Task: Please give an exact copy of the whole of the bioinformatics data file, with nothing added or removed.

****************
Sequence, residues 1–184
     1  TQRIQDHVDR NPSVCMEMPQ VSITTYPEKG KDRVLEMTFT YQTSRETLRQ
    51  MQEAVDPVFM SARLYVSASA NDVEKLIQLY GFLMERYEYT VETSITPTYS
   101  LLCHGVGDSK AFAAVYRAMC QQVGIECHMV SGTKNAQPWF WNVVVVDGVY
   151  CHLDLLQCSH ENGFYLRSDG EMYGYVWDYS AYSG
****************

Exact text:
Sequence, residues 1–184
     1  TQRIQDHVDR NPSVCMEMPQ VSITTYPEKG KDRVLEMTFT YQTSRETLRQ
    51  MQEAVDPVFM SARLYVSASA NDVEKLIQLY GFLMERYEYT VETSITPTYS
   101  LLCHGVGDSK AFAAVYRAMC QQVGIECHMV SGTKNAQPWF WNVVVVDGVY
   151  CHLDLLQCSH ENGFYLRSDG EMYGYVWDYS AYSG